Week of Travels

Saginaw. Four years ago I was recruited to go to the Diocese of Saginaw about once a month to be the spiritual director for 9 to 12 priests and parish administrators who wanted regular spiritual direction. After consulting my staff, it seemed like one more way to get the message of the Apostleship of Prayer out and it did indeed lead to retreat and parish mission opportunities. But the work of the Apostleship has greatly increased since then and a change in bishops in Saginaw provided a natural opportunity to end that commitment. So on Monday and Tuesday I went to Saginaw for the last time as a regular spiritual director.

Omaha. Last night I was in Omaha as the speaker at an annual banquet honoring people in the area who are working with the Jesuits there and who embody the ideals of St. Ignatius Loyola. I spoke about the Ignatian and Eucharistic spirituality of the Apostleship. The Spiritual Exercises of St. Ignatius culminate in a prayer of surrender (the "Suscipe" or "Take, Lord, Receive") which can be renewed every day by means of the Daily or Morning Offering. It's an act of love--returning love for God's love. As God has given us His very self in Jesus who became flesh in order to offer His flesh on the cross and in the Eucharist, so we return His love by offering our entire selves to Him, one day at a time. This offering is what it means to live a Eucharistic life, joining the offering of ourselves to the perfect offering Jesus made and renews in every Mass.

Northern, IL. Tomorrow I'll be at Marytown in Libertyville, IL for the annual board meeting of the Institute on Religious Life ( In the afternoon I'll drive to the Bellarmine (today's his feast!) Jesuit Retreat House in Barrington, IL. From Friday evening until Sunday noon I'll lead the retreatants in the Spiritual Exercises by means of eight half-hour talks.

Though I've written about my travels, the work of the Apostleship involves so many more people--from my small staff of three full-time and two part-time employees, to all our financial supporters and promoters, to all those people praying with and for us. And our faithful local volunteers who gathered today to send out the annual Fall mailing of our flyer and the leaflet that has Pope Benedict's monthly prayer intentions for 2010.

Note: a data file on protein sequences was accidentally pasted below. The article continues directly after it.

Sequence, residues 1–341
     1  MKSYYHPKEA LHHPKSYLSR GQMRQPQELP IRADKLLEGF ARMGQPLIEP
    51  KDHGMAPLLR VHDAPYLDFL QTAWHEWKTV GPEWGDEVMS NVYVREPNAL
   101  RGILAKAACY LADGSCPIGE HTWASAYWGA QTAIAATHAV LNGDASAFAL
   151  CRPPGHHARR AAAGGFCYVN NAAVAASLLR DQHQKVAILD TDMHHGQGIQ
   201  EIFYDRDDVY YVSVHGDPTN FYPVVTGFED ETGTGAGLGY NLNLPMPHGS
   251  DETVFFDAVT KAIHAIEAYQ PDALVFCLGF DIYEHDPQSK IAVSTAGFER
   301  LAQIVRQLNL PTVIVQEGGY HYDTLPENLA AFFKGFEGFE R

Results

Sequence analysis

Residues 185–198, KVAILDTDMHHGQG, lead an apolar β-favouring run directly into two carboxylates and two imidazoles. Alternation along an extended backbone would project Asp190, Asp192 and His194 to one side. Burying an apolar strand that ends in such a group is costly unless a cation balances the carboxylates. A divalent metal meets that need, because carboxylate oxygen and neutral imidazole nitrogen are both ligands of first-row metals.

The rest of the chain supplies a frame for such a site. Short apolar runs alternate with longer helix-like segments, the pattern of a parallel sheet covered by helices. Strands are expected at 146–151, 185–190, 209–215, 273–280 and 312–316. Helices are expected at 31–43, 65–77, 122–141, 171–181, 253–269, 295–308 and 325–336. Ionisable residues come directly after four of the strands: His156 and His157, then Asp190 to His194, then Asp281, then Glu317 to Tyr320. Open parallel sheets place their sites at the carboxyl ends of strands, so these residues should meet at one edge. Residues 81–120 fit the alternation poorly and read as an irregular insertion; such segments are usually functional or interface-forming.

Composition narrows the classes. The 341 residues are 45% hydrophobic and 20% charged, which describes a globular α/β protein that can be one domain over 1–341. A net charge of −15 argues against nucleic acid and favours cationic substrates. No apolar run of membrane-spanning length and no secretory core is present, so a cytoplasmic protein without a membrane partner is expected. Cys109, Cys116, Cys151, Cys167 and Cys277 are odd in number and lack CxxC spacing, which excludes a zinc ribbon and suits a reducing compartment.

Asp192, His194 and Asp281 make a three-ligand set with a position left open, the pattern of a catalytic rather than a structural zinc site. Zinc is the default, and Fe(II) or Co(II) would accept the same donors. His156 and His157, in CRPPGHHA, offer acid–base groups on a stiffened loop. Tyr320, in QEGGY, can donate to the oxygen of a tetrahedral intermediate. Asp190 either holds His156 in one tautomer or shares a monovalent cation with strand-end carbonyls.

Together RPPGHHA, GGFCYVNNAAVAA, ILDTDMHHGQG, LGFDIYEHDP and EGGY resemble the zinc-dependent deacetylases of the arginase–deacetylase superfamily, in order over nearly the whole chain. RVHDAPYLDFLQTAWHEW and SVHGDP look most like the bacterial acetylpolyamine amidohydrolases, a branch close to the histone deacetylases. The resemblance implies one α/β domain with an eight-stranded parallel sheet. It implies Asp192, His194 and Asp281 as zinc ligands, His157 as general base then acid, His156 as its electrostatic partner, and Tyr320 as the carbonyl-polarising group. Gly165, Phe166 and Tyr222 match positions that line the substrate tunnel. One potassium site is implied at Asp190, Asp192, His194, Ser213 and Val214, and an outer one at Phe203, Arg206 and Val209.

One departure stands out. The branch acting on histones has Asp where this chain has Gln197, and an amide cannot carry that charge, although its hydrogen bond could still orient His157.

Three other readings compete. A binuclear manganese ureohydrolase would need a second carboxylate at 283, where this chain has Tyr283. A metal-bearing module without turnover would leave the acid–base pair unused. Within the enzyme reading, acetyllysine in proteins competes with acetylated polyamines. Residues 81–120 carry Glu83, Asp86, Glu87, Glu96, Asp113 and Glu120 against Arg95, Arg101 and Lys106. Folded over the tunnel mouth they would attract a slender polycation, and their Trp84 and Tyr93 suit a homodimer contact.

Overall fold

AMDG. Ad Majorem Dei Gloriam. All for the greater glory of God!

Saturday, September 12, 2009

Esto Vir

On the Interstate yesterday I followed a truck that had signs on the back indicating that it was part of "Sunday Night Football." I was on my way to Green Bay where I gave a talk today to over 100 men who are part of a Catholic men's group called Esto Vir (

I met with some of the leaders over a fish fry on Friday night and they told me about the origin of the group and its name. It comes from #4 in the first chapter ("Character") of St. Josemaria Escriva's book The Way: "Don't say, 'That's the way I am - it's my character.' It's your lack of character. Esto vir! - Be a man!"

I'm sure some people are put off by that line - "Be a man!" It's often used to tell men not to show emotion or weakness, not to cry. And the result is a "macho culture" with all sorts of stereotypes that are denigrating to men as well as to women. Esto Vir doesn't promote that; rather, it calls on men to be a man like St. Joseph who was the focus of the first speaker at today's meeting--Bishop David Ricken of Green Bay. Bishop Ricken told personal stories of how in times of need he was not too proud to ask for help. He turned to St. Joseph and went to the Oratory of St. Joseph in Montreal, Canada, where he asked the foster father of Jesus to help him raise over $100,000 to pay the bills of his seminarians when he was bishop of Cheyenne, Wyoming. He was inspired to have a special collection in his diocese and the people contributed over $300,000.